In an interview published in The Hill, Democratic Congressional Campaign Committee chairman Ben Ray Luján said that the party would financially support candidates who oppose abortion. The primary rationale for opening up the party's base to anti-abortion candidates is to win House majority in 2018. In addition to that, Luján said that there was no "litmus test" for Democratic candidates, justifying the move by saying that the party needed candidates to "fit" their respective districts in order to score victory.
As Luján, a New Mexico congressman, explained to The Hill:
There is not a litmus test for Democratic candidates. As we look at candidates across the country, you need to make sure you have candidates that fit the district, that can win in these districts across America.
The Hill noted that Luján had been working on gaining more candidates in order to defeat Republicans in the 2018 midterm elections. The chairman put emphasis on having a "big [Democratic] family" to win a House majority in 2018: "To pick up 24 [seats] and get to 218, that is the job. We'll need a broad coalition to get that done."
Luján isn't the only prominent Democrat against litmus tests for Democratic candidates. Prior to him, House Minority leader Nancy Pelosi and Senate Majority leader Charles Schumer have both criticized and opposed party litmus tests.
In spite of Luján's reasoning for casting a wide and diverse net for Democratic candidates, some believe that the party's decision will end up alienating those who support free choice, abortion, and fair reproductive health care. People like Mitchell Stille of NARAL Pro-Choice America criticized the move and said that supporting anti-abortion candidates was "bad politics that will lead to worse policy."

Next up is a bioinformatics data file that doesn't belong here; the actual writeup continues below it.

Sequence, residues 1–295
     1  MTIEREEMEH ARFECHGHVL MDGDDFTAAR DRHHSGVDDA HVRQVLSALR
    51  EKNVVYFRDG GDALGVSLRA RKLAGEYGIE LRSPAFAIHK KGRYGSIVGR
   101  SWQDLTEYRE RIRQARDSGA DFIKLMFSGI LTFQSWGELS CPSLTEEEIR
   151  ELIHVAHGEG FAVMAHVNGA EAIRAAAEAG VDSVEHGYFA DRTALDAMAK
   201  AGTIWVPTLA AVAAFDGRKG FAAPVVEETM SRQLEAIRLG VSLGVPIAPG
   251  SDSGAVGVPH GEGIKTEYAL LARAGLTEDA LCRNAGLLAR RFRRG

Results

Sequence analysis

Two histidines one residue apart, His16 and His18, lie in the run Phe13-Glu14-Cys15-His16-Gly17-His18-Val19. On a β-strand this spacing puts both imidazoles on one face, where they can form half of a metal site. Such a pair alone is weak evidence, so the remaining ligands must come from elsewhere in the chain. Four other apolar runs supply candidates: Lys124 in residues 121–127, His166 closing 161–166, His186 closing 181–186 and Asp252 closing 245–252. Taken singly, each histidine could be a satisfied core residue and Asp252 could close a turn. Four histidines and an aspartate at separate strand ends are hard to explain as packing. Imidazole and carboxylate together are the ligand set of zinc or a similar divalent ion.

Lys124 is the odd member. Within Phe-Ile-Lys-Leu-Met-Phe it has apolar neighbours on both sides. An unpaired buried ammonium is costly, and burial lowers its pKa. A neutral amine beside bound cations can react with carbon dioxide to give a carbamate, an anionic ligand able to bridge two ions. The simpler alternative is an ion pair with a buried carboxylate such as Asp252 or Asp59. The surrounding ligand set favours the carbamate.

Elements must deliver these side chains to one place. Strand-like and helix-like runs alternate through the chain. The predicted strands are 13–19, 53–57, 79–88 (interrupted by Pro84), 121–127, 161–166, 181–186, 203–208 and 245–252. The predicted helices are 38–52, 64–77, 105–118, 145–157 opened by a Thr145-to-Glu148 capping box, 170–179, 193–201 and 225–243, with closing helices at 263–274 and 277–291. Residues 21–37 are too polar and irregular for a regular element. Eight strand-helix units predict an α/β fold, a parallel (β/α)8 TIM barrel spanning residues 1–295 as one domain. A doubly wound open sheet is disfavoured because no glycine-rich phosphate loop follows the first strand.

On social media, the Democratic party's move to potentially give financial weight and public platform to anti-abortion candidates was criticized. One person described the move as a "betrayal to a core plank of the Democratic platform," while another person stated that "if you do this, expect a large contingent of women and men who support reproductive rights to leave the party." A third went on to describe the decision as a "losing strategy."
Even within the party, there are those who would disagree with Luján's position — Democratic National Committee Chair Tom Perez would be one of them. Back in April, Perez noted in a statement that abortion and reproductive health care were critical issues for Democrats.
Democrats trust women to make their own decisions. Every Democrat, like every American, should support a woman's right to make her own choices about her body and her health. That is not negotiable and should not change city by city or state by state.